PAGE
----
We’ve got 99 problems, but alcohol ain’t one

Photo by Tyler Meuter

I was fifteen when I got my driver’s permit. At the time, I was so terribly excited, a freshman in high school and ready to prove I was an adult and responsible enough to drive a 5500 lb Ford Expedition unsupervised. In just over a year, that’s what I was doing — a sixteen year old wielding enough force to tow a boat…or crush a pedestrian, or break some other driver’s neck in an accident. The idea is frightening, especially as I look to my younger sister who intends to get her learner’s permit in just a few months. I still help her with her math homework on factoring, and she is almost ready to drive a car? It makes me anxious just thinking about it, what if she hurts someone or  someone hurts her? I fear for her safety but know that it’s a necessary step towards her becoming an adult and will do my best to guide her along the way.

Not only do Americans drive at an early age though, many of us are making serious decisions about intimacy in relationships as well. Teens can consent to sex in the United States as early as sixteen. Whether or not we horny teenagers fully realized it, this means taking on the responsibility of dealing with a potential life altering STD, or the repercussions of an unintended pregnancy.

If a teen gets pregnant as a minor, in 21 of our 50 states, that teen cannot have an abortion without parental approval. Devoid of either this or a judicial bypass, the law can effectively force the teen to carry their child to full term. Even if teen decides to have a baby, it’s crazy to think that someone at the age of 16 or even 19 can willingly make the decision alter their life forever by having a child of their own. They would, while still barely more than a child themselves, have the responsibility of feeding a child, providing healthcare for a child, giving emotional support and stability to a child, etc. Yet this is a relatively commonplace affair; I personally knew five people who were pregnant and intending on keeping their baby. Many of these girls were marrying their high school sweethearts and already starting their lives as adults.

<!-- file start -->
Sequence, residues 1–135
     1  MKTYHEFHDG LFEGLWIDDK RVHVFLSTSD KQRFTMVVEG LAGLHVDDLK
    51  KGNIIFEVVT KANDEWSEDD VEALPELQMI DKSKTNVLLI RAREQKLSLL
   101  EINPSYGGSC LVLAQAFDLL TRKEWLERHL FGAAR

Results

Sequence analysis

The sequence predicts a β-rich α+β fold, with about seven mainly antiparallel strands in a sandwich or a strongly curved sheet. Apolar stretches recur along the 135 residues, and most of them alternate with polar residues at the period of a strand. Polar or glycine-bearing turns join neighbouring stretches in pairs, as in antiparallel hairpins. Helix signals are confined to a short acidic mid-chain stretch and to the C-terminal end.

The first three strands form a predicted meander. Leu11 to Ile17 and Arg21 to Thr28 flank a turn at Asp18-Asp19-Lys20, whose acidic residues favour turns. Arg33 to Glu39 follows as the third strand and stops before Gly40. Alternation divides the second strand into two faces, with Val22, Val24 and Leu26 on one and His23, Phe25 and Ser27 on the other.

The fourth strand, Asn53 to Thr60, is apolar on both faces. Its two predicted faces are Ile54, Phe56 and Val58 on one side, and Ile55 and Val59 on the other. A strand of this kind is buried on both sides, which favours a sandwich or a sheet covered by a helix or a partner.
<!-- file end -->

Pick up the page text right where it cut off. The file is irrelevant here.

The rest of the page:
My issue is not specifically that we allow our teenagers to drive too soon or that Americans teens have too much sexual freedom, but rather the baffling polarity of when we give our young adults responsibility when it comes to these issues versus alcohol or even marijuana. For some reason, the U.S. has a higher drinking age than almost any other first world countries. While we are considered legal adults at 18 in most states, somehow we are still unqualified to make the choice to have a glass of wine with dinner, or a beer with friends until 21. American teens can be legally coerced into giving birth to children, make the decision to get married, and drive a potentially lethal weapon of a vehicle, all by the age of 18. Somehow though, we are not allowed to purchase a beer on a Friday evening. The reality of the situation is humorous in its absurdity.